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BISMARCK, N.D. (AP) — Police allege in court filings that opponents of the Dakota Access oil pipeline made threats against officers and public officials in North Dakota last year, prompting additional security for the state’s governor.

The filings are part of a lawsuit filed in November by pipeline protesters who accuse police of excessive force in a Nov. 20 clash over a blockaded bridge. Opponents of the $3.8 billion pipeline to move North Dakota oil to a shipping point in Illinois have long maintained they’ve been mistreated by law enforcement, and allege in the lawsuit that more than 200 protesters were injured in the bridge clash.

That number previously had been disputed by officials, who used tear gas, rubber bullets and water hoses on protesters who they say assaulted officers with rocks and burning logs.

Defendants haven’t yet filed a response, but Morton County Sheriff Kyle Kirchmeier, County Commissioner Cody Schulz and state Bureau of Criminal Investigation Criminal Intelligence Analyst Cody Larson filed affidavits in the past week to support a request to have law officers’ names redacted from public court documents for safety.

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Larson details numerous threats on social media, including one against ex-Gov. Jack Dalrymple that said “You next in the box!” and another that advocates killing law officers, pipeline supporters and the governor. Larson also includes a report of a Dec. 12 call to Dalrymple’s office from a West Fargo man who allegedly demanded the governor resign “or he won’t make it until Wednesday.”

Lt. Tom Iverson with the Highway Patrol, which handles Capitol security, said the threats against Dalrymple — who left office this month — were taken seriously and investigated. Patrol officers “kept a closer eye” on Dalrymple, according to Chief of Staff Ron Rauschenberger.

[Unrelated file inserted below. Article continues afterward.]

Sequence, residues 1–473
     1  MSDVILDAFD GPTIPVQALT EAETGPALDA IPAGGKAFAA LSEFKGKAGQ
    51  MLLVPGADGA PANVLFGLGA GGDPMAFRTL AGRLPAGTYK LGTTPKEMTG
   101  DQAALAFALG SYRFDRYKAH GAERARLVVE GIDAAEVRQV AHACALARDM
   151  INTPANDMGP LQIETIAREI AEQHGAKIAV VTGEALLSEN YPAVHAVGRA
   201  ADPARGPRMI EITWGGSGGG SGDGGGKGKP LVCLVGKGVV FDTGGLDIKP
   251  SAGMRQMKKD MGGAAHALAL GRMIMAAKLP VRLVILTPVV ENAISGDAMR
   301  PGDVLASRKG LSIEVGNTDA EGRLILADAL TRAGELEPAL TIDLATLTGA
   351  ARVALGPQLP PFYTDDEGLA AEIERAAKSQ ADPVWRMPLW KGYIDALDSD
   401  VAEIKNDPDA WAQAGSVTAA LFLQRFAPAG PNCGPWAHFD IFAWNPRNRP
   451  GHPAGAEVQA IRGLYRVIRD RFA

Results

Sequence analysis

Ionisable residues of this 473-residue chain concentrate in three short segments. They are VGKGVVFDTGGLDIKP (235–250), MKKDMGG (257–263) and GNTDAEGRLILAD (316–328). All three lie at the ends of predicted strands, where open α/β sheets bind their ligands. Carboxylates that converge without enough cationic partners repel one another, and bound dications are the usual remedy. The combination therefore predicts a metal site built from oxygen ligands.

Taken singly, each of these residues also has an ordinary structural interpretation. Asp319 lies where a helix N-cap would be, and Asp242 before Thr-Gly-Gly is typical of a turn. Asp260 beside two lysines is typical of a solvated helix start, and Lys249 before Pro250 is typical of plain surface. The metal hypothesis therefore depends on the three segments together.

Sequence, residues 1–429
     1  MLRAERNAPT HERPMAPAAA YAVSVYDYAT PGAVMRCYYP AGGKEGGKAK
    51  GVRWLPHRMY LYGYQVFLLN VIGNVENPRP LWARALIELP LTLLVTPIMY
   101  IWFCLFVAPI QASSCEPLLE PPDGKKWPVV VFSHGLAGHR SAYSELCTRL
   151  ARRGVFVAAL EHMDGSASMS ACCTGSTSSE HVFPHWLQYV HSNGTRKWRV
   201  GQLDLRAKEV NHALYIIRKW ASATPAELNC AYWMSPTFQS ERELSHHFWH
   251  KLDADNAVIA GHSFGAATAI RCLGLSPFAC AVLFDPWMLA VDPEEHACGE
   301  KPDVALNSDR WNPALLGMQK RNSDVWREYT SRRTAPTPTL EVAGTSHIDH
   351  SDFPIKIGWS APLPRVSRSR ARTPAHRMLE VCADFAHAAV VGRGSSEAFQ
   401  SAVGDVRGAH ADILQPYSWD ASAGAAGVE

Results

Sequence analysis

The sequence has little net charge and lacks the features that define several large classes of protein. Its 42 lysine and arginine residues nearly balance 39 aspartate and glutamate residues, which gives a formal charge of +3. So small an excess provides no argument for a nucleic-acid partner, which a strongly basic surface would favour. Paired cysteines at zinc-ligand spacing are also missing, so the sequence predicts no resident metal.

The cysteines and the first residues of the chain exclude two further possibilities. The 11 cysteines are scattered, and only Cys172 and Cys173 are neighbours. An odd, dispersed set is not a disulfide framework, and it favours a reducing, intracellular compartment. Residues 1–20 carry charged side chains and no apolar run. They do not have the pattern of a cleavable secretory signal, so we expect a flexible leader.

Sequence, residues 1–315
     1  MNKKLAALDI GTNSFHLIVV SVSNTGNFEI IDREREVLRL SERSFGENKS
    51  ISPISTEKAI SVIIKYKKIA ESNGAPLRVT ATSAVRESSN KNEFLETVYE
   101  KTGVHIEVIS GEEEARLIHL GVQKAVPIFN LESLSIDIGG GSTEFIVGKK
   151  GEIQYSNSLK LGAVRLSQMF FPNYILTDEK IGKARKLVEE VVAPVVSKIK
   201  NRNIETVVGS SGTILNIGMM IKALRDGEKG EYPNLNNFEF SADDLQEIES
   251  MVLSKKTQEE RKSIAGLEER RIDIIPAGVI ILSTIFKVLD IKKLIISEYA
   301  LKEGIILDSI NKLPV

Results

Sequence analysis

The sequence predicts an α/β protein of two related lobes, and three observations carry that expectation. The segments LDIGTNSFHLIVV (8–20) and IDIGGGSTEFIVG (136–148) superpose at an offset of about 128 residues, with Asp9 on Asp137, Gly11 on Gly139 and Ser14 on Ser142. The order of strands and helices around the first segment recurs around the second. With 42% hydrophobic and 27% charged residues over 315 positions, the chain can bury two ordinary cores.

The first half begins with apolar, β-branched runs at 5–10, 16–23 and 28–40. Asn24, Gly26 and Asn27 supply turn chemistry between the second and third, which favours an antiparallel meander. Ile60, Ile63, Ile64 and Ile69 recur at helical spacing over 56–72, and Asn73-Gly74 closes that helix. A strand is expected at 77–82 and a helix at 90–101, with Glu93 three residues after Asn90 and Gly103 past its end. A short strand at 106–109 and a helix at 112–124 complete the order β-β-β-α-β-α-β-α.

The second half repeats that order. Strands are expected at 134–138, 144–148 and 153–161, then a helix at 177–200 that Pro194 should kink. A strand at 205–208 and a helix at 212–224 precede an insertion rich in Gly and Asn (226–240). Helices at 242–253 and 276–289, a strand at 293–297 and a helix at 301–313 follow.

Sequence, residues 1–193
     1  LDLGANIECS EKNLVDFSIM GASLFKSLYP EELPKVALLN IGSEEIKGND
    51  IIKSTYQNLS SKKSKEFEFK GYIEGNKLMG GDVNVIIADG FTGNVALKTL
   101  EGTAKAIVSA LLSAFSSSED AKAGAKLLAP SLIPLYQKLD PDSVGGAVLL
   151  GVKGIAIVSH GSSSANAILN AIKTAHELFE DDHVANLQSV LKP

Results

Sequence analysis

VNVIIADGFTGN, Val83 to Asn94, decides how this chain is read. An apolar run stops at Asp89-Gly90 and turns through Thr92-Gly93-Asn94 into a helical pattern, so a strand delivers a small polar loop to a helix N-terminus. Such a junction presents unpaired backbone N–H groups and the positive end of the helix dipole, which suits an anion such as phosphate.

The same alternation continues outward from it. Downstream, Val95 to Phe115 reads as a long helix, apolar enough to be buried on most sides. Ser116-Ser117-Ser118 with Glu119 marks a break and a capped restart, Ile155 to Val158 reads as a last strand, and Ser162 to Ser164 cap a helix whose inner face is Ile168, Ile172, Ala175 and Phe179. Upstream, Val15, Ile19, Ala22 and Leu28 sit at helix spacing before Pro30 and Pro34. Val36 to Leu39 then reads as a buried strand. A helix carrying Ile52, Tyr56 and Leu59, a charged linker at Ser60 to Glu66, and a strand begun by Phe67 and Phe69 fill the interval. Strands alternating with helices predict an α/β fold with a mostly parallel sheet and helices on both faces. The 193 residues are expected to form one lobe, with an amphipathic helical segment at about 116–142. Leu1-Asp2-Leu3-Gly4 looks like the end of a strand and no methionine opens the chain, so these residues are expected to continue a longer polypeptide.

“He normally didn’t have Highway Patrol with him a lot of the time. They were more in the vicinity after the threats,” Rauschenberger said.

Burleigh County State’s Attorney Richard Riha said his office is considering charges against the 41-year-old man who allegedly made the call; the man’s position on the pipeline isn’t clear. Assistant State’s Attorney Marina Spahr declined to discuss the case in detail since it’s ongoing, and the man did not respond to a request for comment left with a woman who answered the telephone at his home.

Kirchmeier said in documents that he and his family had been threatened through social media, telephone, email and letters, and that personal information such as his home address “have been published on the internet with invitations to commit violence against me or to kill me.”

The sheriff and his wife were given personal security while the threats were investigated, and officers are still doing extra patrols and residence checks for the couple, Schulz and another commissioner, sheriff’s spokeswoman Maxine Herr said. That comes even after the large protest encampment has dwindled to a few hundred and protest actions are being encouraged across the country instead of in North Dakota.

The Standing Rock Sioux and its supporters maintain the pipeline threatens drinking water and Native American cultural sites, which Dallas-based project developer Energy Transfer Partners disputes. Opponents have long described their protest as peaceful and have attributed violent actions to rogue antagonists.

The Red Warrior Society, a protest group that advocated more aggressive tactics than the prayer and meditation called for by Standing Rock elders, did not respond to requests for comment.

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Follow Blake Nicholson on Twitter at: http://twitter.com/NicholsonBlake